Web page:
Nativity Fast Encyclical 2013

We prepare for the great Winter Feasts of Christmas and Theophany with a 40-day Fast. Christmas (the Nativity of the Pre-eternal Son of the Father) and Theophany (the Baptism of that same Son) form a unit in the liturgical life of the Church. And although – thanks to secularism, Santa Claus, and Macy’s, many in the contemporary West tend to feel (at least emotionally) that Christmas is The Great Christian Feast, the fact is that the historic Church sees Pascha as the Feast of Feasts and – as far as the Winter festal season goes – Theophany as the major climax of the Winter festal season. And this does not in the least diminish our love and involvement with the Lord’s Nativity in the cave in Bethlehem.

Here is a short scriptural check-list for all faithful Christians regarding fasting as an integral component of our lives in Christ, and in our preparation to greet His Nativity.

Dismayed by their failure to exorcise a demon1 the Lord’s Disciples asked Him why they had failed in their (sincere) efforts to heal a possessed child.

Our Lord’s reply to His confused and upset Disciples – after He had succeeded where they had failed2 — is rather short and to the point: Because of your unbelief . . . . Howbeit this kind [of devil] goeth not out but by prayer and fasting.3

The Lord’s message, terse as it is, confronts us with 3 points:

1. Because of unbelief, the Disciples were unprepared to deal with the demoniac by prayer and fasting
2. Prayer and fasting are integrally linked to each other
3. Faith is the required prerequisite for undertaking the work of prayer and fasting

So, the failure to pray and fast has something to do with a lapse of faith; it has something to do with becoming distracted away from the hard work of sustaining a living faith. But when our faith is alive, we naturally pray and fast, we can move a mountain, and nothing shall be impossible for us.4

Are we in fact faithful – is our faith a living faith? A lived faith? Do we practice our faith, as they say, 24/7?

Or do we make the mistake of thinking that belief, faith, has something to do with words about God, rather than the actual meaning of faith, which includes such things as to love the Lord thy God with all thy heart, and with all thy soul, and with all thy mind. . . . And . . . thou shalt love thy neighbour as thyself?5 Note the love!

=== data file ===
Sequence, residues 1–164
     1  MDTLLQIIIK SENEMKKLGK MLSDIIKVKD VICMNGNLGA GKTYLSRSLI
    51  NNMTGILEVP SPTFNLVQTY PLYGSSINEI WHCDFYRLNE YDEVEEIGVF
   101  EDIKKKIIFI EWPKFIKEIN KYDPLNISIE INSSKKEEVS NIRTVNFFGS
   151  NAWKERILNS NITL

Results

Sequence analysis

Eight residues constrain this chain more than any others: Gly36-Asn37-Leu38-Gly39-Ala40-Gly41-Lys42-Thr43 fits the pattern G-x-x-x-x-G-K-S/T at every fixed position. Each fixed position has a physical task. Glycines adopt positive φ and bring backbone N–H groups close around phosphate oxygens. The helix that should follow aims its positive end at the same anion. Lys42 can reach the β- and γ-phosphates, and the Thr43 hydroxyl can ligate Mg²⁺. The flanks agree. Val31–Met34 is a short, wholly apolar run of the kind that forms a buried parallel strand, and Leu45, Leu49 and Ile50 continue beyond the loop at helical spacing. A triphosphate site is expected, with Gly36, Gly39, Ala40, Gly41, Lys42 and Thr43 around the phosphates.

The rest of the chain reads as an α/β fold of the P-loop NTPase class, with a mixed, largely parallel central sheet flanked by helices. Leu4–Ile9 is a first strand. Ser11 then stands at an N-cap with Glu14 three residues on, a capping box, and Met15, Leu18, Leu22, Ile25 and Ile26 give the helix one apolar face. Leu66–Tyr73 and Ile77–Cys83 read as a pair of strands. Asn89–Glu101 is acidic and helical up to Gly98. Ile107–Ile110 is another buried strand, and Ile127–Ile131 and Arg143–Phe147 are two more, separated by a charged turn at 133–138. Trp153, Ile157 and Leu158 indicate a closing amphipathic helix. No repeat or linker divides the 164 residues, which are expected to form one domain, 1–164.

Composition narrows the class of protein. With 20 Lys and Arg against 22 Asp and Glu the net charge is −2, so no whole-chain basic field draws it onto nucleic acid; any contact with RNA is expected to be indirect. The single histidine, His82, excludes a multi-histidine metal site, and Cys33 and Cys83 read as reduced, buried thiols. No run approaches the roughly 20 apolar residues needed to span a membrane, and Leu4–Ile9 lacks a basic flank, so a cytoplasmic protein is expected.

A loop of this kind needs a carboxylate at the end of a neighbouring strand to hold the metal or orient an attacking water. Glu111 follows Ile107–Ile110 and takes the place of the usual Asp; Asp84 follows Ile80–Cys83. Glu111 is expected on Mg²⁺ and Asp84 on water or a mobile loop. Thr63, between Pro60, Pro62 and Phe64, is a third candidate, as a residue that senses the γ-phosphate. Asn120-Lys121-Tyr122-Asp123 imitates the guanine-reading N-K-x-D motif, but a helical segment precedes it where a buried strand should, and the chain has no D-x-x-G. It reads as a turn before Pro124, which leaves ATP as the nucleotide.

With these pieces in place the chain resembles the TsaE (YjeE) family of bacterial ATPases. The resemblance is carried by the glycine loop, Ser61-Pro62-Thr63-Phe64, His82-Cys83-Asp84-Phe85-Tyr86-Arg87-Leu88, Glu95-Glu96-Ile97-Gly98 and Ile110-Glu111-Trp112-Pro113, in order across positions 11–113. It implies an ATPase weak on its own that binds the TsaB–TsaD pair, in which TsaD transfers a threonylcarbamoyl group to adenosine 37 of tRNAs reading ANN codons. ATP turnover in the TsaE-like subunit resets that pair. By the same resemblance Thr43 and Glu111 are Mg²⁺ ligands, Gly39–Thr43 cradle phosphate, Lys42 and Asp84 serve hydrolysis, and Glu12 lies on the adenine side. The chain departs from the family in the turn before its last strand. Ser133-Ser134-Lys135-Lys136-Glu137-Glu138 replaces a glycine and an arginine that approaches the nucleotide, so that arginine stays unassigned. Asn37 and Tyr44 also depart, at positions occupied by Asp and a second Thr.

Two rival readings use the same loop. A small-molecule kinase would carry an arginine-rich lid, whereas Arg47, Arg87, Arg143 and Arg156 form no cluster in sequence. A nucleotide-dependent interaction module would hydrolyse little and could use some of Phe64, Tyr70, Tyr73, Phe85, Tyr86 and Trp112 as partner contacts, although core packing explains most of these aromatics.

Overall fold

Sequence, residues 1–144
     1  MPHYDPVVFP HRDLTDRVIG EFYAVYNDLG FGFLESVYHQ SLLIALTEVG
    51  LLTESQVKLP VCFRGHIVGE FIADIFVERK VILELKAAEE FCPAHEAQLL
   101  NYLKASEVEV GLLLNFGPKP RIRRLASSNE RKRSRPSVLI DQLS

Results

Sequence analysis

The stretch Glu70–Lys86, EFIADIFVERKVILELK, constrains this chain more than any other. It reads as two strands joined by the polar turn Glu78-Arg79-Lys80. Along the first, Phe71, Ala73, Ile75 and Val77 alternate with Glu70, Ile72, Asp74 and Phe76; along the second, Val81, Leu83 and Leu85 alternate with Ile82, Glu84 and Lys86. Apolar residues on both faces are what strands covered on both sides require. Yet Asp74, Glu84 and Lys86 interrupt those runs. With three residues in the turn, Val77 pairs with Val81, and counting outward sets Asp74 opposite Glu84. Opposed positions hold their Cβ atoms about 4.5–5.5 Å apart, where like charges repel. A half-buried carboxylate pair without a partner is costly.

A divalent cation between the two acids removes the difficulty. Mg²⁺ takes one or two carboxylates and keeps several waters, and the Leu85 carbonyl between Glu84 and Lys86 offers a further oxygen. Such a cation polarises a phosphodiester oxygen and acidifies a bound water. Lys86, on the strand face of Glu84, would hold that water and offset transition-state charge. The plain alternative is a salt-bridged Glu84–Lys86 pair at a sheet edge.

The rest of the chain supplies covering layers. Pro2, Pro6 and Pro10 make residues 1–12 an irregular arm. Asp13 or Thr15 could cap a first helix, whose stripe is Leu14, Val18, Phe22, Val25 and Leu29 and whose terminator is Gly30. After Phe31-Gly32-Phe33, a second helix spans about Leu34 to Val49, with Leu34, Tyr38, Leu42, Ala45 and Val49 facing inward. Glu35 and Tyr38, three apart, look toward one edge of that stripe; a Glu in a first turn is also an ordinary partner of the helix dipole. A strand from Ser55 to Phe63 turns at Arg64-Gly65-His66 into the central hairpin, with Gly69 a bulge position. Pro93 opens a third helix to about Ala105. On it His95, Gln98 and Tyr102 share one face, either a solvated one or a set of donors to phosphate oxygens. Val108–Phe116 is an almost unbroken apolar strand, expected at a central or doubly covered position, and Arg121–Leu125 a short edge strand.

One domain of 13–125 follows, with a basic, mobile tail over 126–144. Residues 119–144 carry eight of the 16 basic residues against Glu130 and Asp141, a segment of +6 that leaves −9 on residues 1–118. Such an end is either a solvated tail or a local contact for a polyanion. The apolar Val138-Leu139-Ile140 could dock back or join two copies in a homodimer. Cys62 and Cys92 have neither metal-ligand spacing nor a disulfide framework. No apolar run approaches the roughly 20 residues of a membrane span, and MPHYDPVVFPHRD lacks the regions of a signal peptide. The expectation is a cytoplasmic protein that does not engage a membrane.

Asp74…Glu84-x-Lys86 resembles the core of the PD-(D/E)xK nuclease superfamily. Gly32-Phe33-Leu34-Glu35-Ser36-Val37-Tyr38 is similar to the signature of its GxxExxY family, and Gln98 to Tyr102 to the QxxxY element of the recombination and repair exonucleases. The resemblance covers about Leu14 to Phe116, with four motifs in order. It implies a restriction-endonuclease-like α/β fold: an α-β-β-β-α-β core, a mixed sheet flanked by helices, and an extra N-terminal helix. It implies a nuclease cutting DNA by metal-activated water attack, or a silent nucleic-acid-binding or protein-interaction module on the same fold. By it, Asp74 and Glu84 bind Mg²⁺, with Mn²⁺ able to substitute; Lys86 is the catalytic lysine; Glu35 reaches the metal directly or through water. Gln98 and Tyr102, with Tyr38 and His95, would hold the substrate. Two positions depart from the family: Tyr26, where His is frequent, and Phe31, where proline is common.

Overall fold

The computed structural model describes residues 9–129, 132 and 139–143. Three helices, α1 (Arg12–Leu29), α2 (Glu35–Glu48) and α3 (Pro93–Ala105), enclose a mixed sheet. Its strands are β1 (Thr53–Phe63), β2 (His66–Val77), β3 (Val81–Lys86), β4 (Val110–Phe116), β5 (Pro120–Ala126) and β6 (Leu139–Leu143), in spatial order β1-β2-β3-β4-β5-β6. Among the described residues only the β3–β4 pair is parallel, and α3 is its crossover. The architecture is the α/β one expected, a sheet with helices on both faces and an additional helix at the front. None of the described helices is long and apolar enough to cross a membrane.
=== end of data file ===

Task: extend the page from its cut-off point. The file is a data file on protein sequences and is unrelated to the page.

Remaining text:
Do we see how it comes to pass that it is love that is involved in this entire matter of fasting and praying – so much so that we can rightly say “this kind goeth not out but by prayer, and fasting – and loving”! Loving!

So in addition to consulting church calendars to know when to fast, we see that it is equally crucial for Believers to know what is involved in fasting. Yes, we alter our diets. Yes, in addition to changing the character (the quality) of our food, we also adjust the amount (the quantity) of calories consumed.6

Quantitative fasting and qualitative fasting: for our fasting to be balanced, both must be taken seriously.

But fasting involves more than dietary issues.

What is fasting without praying? For that matter, in the context of the Lord’s teaching on this question – we can equally ask, what is fasting without loving? (And the answer is, not much! Right?)

Someone noted that in pre-revolutionary Russia, wealthy people who had servants dreaded fasting seasons because that was when all the servants became short-tempered – even with their employers! And the one noting this (was it the popular English writer, Timothy [Metropolitan Kallistos] Ware?) also noted that while these workers fasted strictly, they were not given time off to attend church services; and given the long workdays and the hard work that most of these people were required to do daily, I doubt they were in any condition to engage in much private prayer behind closed doors: And when thou prayest, thou shalt not be as the hypocrites are . . . But thou, when thou prayest, enter into thy closet, and when thou has shut thy door, pray to thy Father which is in secret . . . .7

And do we see the significance of the parallel between prayer offered secretly8 and the Lord’s insistence that our fasting must also be offered in secrecy – and for exactly the same reason: Moreover, when ye fast, be not as the hypocrites, of a sad countenance; for they disfigure their faces, that they may appear unto men to fast. Verily I say unto you, they have their reward. But thou, when thou fastest, anoint thy head, and wash thy face: that thou appear not unto men to fast, but unto thy Father which is in secret: and thy Father, which seeth in secret, shall reward thee openly.9